Are these trivial questions? I really don’t think so. Jesus Christ has come in the flesh. So, how human was He? Was He as human as you, or do you think He was immune to the “ill effects” of bee-stings, dehydration, allergies, sunburns, headaches, upset stomachs, and extreme weather conditions?
What Happened In The Wilderness?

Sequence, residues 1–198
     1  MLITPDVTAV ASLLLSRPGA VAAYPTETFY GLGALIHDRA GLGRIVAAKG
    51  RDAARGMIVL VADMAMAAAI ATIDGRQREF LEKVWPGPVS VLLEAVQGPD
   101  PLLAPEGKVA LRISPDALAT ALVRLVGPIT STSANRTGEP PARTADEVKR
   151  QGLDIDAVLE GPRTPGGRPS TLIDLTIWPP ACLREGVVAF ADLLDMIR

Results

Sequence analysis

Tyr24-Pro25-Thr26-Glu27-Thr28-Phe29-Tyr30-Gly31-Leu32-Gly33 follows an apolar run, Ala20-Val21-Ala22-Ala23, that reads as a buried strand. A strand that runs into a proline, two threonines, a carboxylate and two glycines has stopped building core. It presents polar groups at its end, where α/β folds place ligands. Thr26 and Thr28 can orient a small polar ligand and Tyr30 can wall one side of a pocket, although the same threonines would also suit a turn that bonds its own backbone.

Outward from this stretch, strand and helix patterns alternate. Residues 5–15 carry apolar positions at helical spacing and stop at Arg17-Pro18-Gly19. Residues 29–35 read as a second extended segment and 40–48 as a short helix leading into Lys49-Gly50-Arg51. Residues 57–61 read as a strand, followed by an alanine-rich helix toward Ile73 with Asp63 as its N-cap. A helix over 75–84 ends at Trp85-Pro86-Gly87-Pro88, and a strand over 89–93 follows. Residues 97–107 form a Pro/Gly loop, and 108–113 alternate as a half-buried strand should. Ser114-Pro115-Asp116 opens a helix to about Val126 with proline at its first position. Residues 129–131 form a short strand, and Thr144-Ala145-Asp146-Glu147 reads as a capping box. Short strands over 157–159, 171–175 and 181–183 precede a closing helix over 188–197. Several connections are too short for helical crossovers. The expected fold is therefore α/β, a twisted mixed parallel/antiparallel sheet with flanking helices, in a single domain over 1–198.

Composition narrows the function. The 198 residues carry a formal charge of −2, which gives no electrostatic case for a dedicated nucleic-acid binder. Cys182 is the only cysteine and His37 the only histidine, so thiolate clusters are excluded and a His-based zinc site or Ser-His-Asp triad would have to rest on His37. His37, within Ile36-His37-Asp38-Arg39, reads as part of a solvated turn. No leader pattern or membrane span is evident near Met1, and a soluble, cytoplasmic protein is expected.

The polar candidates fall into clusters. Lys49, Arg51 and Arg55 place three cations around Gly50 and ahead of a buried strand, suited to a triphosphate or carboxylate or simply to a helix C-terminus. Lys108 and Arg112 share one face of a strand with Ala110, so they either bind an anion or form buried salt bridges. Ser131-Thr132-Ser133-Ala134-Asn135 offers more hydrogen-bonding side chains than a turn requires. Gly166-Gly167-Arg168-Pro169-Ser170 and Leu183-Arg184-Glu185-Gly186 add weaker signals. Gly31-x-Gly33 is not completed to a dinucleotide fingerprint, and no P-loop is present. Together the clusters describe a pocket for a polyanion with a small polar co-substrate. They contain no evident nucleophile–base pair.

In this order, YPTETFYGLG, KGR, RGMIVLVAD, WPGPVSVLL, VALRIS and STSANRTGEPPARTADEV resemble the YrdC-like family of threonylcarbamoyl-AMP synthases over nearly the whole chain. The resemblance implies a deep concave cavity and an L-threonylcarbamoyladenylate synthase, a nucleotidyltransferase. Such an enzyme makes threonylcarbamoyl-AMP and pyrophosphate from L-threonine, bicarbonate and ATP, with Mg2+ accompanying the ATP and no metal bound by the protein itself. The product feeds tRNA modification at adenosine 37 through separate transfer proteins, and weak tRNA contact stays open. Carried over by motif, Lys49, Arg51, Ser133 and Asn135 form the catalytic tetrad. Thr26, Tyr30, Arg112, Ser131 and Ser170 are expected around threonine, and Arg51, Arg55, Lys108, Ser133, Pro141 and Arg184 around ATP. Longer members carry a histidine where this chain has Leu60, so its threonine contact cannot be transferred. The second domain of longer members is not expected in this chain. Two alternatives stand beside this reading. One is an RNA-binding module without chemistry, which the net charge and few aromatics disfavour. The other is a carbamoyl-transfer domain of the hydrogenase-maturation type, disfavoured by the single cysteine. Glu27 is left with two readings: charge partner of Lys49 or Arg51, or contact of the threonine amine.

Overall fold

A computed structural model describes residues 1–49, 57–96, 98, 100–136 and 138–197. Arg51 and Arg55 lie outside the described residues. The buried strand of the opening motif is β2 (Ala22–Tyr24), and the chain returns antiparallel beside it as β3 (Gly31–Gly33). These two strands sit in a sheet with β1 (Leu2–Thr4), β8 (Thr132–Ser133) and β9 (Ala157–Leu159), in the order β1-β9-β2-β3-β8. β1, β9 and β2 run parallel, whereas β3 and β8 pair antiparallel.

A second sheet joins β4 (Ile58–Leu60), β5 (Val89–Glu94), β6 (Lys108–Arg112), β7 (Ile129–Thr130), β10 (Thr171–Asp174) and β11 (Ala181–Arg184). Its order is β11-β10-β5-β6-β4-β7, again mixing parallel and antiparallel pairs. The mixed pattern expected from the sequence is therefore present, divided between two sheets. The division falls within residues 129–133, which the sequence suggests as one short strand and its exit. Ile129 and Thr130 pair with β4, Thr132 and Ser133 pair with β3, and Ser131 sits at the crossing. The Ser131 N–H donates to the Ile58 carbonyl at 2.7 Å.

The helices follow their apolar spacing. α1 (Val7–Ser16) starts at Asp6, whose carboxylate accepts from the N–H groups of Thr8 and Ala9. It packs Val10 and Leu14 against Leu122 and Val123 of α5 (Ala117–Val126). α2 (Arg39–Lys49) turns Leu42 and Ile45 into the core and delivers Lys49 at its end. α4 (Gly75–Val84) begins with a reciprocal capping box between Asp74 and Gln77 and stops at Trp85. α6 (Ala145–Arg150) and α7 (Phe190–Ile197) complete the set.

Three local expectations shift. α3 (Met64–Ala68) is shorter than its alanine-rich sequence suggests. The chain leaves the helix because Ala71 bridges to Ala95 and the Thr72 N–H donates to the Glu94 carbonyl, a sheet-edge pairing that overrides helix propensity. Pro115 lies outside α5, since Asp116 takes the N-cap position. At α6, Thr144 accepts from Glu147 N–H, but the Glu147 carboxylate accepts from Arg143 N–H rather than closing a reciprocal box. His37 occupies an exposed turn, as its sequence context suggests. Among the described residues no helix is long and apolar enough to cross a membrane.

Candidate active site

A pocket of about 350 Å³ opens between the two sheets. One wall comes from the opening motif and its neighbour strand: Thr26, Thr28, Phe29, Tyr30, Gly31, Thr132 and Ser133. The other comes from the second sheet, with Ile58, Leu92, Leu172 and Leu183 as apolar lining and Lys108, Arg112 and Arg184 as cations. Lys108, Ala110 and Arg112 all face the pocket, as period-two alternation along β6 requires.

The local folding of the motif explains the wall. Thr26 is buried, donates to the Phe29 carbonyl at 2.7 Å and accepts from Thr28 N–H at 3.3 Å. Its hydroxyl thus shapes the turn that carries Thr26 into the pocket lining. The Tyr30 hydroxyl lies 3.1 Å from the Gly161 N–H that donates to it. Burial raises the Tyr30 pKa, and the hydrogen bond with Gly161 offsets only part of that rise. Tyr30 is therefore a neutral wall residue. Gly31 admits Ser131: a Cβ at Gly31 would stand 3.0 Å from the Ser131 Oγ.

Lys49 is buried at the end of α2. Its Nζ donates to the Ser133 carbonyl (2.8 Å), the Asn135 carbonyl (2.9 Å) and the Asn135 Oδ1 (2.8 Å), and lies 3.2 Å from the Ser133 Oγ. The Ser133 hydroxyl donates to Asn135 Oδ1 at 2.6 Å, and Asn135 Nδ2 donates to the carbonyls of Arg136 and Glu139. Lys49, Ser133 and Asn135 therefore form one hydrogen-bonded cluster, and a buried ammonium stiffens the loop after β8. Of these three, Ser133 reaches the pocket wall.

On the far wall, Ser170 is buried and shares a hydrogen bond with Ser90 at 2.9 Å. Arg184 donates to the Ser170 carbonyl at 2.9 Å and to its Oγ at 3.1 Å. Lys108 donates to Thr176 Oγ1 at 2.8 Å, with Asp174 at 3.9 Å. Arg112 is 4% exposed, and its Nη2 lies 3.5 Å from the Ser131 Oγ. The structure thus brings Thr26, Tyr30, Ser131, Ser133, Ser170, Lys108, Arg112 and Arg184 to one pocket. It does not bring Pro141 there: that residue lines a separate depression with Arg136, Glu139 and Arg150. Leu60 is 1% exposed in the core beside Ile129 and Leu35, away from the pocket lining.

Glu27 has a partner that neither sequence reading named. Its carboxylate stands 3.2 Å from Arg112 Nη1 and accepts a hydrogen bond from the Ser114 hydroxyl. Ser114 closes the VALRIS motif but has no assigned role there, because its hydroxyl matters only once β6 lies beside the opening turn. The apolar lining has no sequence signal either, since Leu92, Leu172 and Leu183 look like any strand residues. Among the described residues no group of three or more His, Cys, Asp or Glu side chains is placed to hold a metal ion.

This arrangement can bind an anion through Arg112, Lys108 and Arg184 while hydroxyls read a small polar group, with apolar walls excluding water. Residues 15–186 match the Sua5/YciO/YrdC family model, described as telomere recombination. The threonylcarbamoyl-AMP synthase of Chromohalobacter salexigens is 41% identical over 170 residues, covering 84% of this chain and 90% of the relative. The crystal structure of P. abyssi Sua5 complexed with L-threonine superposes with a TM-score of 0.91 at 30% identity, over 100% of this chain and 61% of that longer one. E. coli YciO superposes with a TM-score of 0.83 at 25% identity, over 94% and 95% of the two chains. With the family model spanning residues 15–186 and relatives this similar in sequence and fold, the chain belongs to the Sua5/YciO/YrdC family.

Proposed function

Didn’t He require the actual help of literal angels after His time in the wilderness (Matt. 4:11)? Stop and seriously think about what that means. Jesus actually needed real outside help. Not only did He fast, but He had just endured 40 days in a physically hostile environment. Either one of those situations alone would be bad. Yet, he endured them both at the same time! You have to ask yourself, what kind of physical condition was He suffering that caused angels to be dispatched all the way from heaven in order to “diakoneo” (Greek for minister, serve, care for the sick) Him? Do you think He needed a team of angels from heaven to come nursing and serving just because he was simply hungry? God could have easily sent ravens or some nomad on a camel with a sack lunch. This wasn’t just some picnic! I’m guessing He was laid out and feeling close to death. In a sense, Jesus was probably being served by an Angelic M.A.S.H. unit. Do you think I’m being overly dramatic? If so, then let me remind you about the OTHER TIME that Jesus required angelic nursing (Luke 22). What was His physical condition at that time? He was about to start sweating great drops of blood! Now let’s be honest…If YOU started sweating blood profusely, they would take you to the emergency room and say, “This person needs help right now!” Guess what? Jesus had an angel already on the scene to strengthen Him. He only needed the assistance of ONE angel for that horrific event. But after the wilderness experience, he needed angel(s) plural to come to his aid. If He only needed one angel to strengthen Him as He sweat drops of blood (that’s pretty dire!), then what do you think was going on that he needed a team of angels to help him recover from the wilderness experience??? Compare and decide.